Hello everyone and welcome back to Life of a Blind Girl,
I hope you’re all well.
Today I wanted to talk to you about something that grabbed my attention as soon as I read it, I wanted to get involved.
The Royal National Institute of Blind People (RNIB) has launched a video and a campaign under the hashtag #HowIsee to tackle people’s perceptions on sight loss. Many people have the idea that if someone is registered as severely sight impaired then they simply cannot see anything. You can watch the video here.
The aim of the campaign is to raise awareness of the different levels and the variations of vision that blind/severely sight impaired people can have. I think it’s a great way of raising awareness of visual impairment but most importantly, how blind and visually impaired people see the world for themselves.
Being blind/severely sight impaired does not mean that a person has no vision whatsoever and that everything is just black, it is far from this ideology. Being registered as severely sight impaired is simply just the terminology that is used.
I wanted to join in with this campaign and tell you how I see the world myself.
I have a condition called Retinopathy of Prematurity (ROP). This is due to the fact that I was born at 24 weeks and therefore developed ROP. I also have retinal detachment because of this condition. There are 5 stages of ROP, I have stage 5 which is the most severe. So let me talk to you about both of my eyes because they’re completely different. I have no sight in my left eye, I have always called that my ‘bad eye’. Over the last few months I have also developed inflammation in that eye and I am currently on steroid drops for this. The cause is not yet fully known which is rather frustrating, as this is the first time that I have experienced problems because of my eye condition. Although that eye isn’t much use, it still really does matter and needs taking care of.
My right eye though, is a bit more useful; I have light perception in that eye. I probably use my light perception more than I think I do as it really does help me when I enter a room for example. I’m able to tell when it’s sunny which can be useful as well. I can also tell when things are near me, such as when I’m walking and I’m next to a wall or when someone is stood in front of me I can tell that they’re there. They do need to be very close though. As I have mentioned I have developed inflammation in my left eye, this has also affected my right eye as well. I’ve developed light sensitivity meaning that I’ve pretty much had to wear sunglasses a lot recently. The steroid drops are helping this a lot though which I am pleased about.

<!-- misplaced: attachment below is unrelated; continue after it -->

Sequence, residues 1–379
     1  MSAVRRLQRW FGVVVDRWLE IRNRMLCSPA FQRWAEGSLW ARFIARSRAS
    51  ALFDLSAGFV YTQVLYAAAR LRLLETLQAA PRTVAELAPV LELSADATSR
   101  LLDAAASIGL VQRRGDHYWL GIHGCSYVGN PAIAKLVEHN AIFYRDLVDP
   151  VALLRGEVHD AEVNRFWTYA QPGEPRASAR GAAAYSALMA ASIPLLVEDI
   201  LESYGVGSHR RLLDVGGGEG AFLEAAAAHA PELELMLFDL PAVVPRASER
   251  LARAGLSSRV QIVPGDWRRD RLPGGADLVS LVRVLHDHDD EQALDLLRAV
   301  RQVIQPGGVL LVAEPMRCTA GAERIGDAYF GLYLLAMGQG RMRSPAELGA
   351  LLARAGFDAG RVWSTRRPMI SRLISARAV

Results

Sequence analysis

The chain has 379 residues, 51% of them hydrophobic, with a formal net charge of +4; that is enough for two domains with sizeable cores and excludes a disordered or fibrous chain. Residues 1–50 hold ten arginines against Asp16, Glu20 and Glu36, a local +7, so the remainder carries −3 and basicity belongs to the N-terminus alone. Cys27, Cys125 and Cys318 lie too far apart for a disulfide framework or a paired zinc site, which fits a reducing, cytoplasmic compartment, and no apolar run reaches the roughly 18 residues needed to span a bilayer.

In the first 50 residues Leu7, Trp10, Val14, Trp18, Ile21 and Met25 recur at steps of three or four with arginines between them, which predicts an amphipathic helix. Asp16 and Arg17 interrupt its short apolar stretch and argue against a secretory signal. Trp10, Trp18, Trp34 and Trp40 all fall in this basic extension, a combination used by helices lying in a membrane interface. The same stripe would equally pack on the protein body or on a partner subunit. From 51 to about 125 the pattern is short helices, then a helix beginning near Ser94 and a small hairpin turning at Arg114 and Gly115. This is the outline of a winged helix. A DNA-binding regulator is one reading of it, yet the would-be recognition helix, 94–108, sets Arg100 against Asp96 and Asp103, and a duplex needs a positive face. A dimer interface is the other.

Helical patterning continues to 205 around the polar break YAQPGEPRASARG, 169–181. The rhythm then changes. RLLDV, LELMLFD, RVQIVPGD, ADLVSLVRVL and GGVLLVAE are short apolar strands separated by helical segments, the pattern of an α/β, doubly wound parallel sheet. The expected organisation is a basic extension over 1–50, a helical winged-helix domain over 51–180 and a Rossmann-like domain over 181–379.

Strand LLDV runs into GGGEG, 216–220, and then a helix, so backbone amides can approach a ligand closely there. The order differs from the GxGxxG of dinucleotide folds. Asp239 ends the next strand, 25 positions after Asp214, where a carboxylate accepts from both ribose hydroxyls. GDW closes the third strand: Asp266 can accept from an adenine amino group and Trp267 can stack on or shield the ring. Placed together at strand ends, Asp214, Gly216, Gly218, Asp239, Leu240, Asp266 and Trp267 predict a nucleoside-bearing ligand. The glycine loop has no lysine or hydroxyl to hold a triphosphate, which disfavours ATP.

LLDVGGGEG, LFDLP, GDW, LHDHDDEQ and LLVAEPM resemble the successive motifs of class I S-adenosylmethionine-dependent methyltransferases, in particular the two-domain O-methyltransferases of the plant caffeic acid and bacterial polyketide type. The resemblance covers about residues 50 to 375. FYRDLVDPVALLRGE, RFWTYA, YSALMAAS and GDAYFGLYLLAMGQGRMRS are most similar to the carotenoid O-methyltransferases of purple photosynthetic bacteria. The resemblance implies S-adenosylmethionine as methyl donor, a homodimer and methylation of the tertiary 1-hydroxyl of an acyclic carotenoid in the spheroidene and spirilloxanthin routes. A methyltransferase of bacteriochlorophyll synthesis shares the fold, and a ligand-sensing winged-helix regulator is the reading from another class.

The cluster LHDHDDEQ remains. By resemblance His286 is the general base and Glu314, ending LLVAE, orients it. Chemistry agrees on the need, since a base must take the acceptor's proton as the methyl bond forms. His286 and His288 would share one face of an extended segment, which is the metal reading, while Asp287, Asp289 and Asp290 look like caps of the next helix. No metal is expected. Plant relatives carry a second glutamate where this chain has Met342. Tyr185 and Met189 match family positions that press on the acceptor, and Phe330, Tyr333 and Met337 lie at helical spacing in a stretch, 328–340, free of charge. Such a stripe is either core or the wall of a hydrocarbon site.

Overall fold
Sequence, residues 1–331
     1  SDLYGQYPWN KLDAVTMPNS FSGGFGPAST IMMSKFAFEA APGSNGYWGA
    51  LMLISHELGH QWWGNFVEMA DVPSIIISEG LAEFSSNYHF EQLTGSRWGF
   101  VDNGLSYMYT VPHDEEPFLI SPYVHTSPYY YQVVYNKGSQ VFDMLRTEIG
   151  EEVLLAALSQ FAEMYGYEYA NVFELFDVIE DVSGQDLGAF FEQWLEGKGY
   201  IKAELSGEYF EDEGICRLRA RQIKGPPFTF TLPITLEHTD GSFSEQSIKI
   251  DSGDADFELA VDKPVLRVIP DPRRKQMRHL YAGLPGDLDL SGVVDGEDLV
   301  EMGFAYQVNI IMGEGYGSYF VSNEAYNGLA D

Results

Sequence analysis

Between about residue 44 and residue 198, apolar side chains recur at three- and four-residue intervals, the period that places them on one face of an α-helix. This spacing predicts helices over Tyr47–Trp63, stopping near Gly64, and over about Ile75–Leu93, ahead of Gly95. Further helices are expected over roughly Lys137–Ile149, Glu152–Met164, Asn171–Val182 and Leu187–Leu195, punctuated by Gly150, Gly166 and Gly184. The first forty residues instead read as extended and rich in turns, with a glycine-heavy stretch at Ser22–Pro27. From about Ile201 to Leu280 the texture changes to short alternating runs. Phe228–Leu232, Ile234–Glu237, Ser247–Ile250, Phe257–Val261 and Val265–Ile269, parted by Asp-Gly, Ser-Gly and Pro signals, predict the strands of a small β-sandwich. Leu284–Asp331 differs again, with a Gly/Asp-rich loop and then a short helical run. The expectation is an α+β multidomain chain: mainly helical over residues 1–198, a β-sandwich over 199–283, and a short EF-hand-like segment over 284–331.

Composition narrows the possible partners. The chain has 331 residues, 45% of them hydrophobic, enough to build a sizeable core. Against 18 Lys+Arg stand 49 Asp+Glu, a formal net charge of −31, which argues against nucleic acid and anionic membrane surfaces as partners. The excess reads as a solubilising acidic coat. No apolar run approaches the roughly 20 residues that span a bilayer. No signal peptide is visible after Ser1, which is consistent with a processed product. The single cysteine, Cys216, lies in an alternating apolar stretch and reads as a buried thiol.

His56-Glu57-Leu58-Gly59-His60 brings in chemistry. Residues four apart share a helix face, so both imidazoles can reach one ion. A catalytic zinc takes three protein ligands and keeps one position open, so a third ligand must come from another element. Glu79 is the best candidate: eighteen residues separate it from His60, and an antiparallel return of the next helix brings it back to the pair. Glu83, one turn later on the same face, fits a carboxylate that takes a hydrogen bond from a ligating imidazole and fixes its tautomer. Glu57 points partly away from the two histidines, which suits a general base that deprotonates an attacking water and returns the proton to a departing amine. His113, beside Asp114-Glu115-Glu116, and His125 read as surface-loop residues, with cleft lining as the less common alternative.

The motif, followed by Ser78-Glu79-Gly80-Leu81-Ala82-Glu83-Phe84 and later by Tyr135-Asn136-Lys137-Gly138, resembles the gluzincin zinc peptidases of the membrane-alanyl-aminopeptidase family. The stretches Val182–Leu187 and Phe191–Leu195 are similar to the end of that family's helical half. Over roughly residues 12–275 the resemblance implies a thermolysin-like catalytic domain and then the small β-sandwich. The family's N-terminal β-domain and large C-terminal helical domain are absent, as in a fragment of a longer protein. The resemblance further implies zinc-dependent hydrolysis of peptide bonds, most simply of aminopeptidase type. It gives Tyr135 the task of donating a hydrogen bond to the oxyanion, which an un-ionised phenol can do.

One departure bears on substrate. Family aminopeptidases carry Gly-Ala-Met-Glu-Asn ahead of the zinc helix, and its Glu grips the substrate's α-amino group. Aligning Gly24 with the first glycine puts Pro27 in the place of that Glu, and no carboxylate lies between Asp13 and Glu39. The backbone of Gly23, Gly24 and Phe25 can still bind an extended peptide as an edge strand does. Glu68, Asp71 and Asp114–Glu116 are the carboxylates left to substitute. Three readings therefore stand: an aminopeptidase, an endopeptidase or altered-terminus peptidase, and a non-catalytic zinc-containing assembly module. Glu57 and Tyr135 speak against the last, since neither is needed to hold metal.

The way I would describe my vision is a load of light with no detail. I cannot see print so therefore I use braille and rely on a screen-reader and other assistive technology. I use my other senses a lot too as my sight is pretty much useless! For example, I go on taste, smell and hearing all the time.
I’ve been asked many questions about my vision such as ‘how do you know what you’re eating?’ or ‘how do you know who’s talking to you?’ I use my other senses for these.
There are many things that I am fortunate to have that do help me see the world in my own way. I may not be able to actually see it through my eyes but without assistive technology or my cane, I wouldn’t be able to read menus in restaurants, use a mobile phone or computer, read books, attend university, write essays, blog, travel independently and do normal things that sighted people do on a daily basis without hesitation. I believe assistive technology opens up the world in a completely different way for blind and visually impaired people. Without it, I wouldn’t be able to do the majority of tasks that I do on a daily basis. It gives us some sort of vision. The technology that I have is a substitute for my vision.
For years I have been very reluctant to use my white cane because I had negative experiences from other people which knocked my confidence rather a lot. I do enjoy using my cane a lot more now though. I am very grateful to my friends and family for guiding me around and for basically being my eyes! I can’t thank them enough; you all know who you are!
I can’t see a lot and I do wish I had more sight but I am very grateful for my light perception. People do tell me that I ‘don’t look blind’ or ‘cope so well’. Just because I cope well, it does not mean that I can see. I’ve learnt to deal with my visual impairment and found ways of completing everyday tasks to the same ability as a sighted person. Also, this idea that someone doesn’t look blind…what does a blind person look like anyway?
Don’t assume, ask and always be open minded. Personally, I think that you can never fully know about a visual impairment or disability until you truly experience it yourself or at least try to understand it.
I’ve really enjoyed writing this blog post! If you have any questions, please do get in touch.
If you are visually impaired yourself then don’t forget to join in with the hashtag #HowISee and help educate people on the varying degrees of sight loss!